After candidates have spent so long preparing for the IBCLC examination, IBLCE® very much understands that candidates are anxious to receive their results as soon as possible. However, it takes some time for results to be finalised – and this is for two reasons which ultimately are for the benefit of IBCLCs and candidates.

The IBCLC is a truly global credential. With over 32,500 IBCLCs worldwide in 122 countries, the IBCLC is highly visible around the globe and represents the gold standard in lactation care. As a world-recognised credential, many breastfeeding families seek to work with professionals who are IBCLCs. To score a professional examination for a global programme means that the examination must be scored in all the languages in which the examination is offered. In the case of the IBCLC, this constitutes 17 languages.

Once the examination administration closes, the post-administration analysis begins. The IBCLC examination results are reviewed item by item. Any item that performed unexpectedly goes to subject matter experts (SMEs) for further review. This careful review takes time, but, ultimately, it is to provide the most fair and accurate results to IBCLC test-takers.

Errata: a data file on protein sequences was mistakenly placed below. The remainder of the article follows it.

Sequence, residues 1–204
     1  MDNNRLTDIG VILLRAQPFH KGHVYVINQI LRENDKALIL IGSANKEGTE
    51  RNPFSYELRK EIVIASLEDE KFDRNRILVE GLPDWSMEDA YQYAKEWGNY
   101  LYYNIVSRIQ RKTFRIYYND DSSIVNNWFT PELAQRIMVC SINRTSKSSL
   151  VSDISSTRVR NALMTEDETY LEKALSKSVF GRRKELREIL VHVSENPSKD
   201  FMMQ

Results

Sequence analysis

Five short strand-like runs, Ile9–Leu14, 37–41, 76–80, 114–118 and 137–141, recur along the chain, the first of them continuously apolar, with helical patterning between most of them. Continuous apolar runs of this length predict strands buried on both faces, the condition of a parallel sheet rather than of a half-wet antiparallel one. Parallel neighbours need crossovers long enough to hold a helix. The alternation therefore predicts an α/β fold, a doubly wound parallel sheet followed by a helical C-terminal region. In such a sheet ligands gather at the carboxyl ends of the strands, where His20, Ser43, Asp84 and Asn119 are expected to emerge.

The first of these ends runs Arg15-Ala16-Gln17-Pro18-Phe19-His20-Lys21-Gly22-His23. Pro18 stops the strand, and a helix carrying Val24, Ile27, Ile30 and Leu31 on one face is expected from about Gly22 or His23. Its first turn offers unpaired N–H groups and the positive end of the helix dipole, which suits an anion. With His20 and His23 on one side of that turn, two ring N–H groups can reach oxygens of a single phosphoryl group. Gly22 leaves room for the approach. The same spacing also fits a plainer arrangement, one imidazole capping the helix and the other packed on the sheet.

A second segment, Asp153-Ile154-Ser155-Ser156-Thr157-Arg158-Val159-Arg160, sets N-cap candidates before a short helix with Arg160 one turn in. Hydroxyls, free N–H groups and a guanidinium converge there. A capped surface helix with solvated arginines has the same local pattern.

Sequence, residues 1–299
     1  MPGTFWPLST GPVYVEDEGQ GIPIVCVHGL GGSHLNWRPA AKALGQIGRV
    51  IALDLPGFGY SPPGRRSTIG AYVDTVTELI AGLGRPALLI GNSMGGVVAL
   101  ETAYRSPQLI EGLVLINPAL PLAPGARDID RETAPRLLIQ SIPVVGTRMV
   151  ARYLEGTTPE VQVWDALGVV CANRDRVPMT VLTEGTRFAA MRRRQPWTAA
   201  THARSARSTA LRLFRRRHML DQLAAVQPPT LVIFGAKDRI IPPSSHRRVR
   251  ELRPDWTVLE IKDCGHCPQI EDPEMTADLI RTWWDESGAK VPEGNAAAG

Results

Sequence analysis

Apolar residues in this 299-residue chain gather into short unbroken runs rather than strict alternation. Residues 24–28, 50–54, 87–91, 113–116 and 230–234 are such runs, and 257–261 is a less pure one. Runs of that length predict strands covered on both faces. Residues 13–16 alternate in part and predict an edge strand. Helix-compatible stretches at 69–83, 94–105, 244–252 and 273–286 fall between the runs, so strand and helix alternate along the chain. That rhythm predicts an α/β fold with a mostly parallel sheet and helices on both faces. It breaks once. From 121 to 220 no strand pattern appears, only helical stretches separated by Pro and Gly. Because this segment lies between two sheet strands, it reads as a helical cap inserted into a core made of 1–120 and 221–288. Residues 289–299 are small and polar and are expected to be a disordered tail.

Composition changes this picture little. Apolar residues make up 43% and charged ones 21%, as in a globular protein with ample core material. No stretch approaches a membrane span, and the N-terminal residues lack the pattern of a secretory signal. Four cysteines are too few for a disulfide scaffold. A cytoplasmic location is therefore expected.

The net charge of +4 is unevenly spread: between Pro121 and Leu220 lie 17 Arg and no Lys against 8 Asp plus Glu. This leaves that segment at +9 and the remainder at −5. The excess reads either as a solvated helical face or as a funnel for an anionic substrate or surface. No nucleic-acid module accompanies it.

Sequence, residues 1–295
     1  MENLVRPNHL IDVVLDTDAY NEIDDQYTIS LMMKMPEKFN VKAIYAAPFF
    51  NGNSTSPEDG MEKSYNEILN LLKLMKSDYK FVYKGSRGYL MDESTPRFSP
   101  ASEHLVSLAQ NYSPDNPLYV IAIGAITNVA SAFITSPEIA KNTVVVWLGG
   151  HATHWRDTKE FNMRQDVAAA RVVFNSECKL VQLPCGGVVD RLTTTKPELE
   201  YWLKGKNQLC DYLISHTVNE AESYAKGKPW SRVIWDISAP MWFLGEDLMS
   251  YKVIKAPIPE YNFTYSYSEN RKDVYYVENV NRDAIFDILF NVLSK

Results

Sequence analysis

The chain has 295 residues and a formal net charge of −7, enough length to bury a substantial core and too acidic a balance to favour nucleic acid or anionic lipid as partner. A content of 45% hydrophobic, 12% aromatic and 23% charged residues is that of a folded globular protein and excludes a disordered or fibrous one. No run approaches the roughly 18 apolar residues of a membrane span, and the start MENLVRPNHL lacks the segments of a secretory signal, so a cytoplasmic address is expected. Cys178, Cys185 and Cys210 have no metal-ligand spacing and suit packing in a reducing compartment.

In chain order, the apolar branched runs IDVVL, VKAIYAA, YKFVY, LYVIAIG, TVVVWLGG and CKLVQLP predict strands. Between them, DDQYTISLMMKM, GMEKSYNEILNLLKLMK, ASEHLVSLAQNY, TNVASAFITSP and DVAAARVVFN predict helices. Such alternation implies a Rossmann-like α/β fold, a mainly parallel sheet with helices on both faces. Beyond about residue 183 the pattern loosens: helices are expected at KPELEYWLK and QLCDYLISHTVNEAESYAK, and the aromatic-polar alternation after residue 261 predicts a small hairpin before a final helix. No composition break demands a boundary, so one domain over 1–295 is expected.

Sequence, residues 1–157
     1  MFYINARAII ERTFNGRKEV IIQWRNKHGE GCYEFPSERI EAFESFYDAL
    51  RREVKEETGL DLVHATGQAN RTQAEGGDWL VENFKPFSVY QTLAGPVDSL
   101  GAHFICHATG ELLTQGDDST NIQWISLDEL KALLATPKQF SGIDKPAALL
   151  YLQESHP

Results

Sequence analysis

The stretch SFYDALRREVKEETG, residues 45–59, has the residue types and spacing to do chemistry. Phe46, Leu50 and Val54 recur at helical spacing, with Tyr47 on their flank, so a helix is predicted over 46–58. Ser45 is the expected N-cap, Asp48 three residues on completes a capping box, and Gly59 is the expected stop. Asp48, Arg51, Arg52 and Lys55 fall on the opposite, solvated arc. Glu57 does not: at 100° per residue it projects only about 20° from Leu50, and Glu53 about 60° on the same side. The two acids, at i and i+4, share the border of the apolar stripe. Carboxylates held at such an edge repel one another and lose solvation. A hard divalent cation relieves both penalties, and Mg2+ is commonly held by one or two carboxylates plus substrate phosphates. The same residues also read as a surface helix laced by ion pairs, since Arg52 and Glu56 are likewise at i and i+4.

If you took the September 2020 IBCLC examination, you will receive information about how to access your results prior to the end of the calendar year.

The IBCLC is a truly global credential which requires careful review in all the languages in which it is offered and to facilitate fairness and accuracy of results.
Updated Interim Guidance on the Use of Technology to Meet Pathways 1, 2, and 3 Clinical Practise Requirements Extended Through September 30, 2021
Due to the continued worldwide impact of the COVID-19 pandemic, IBLCE will continue to allow certification eligibility clinical practise hours to be met using technology through September 30, 2021.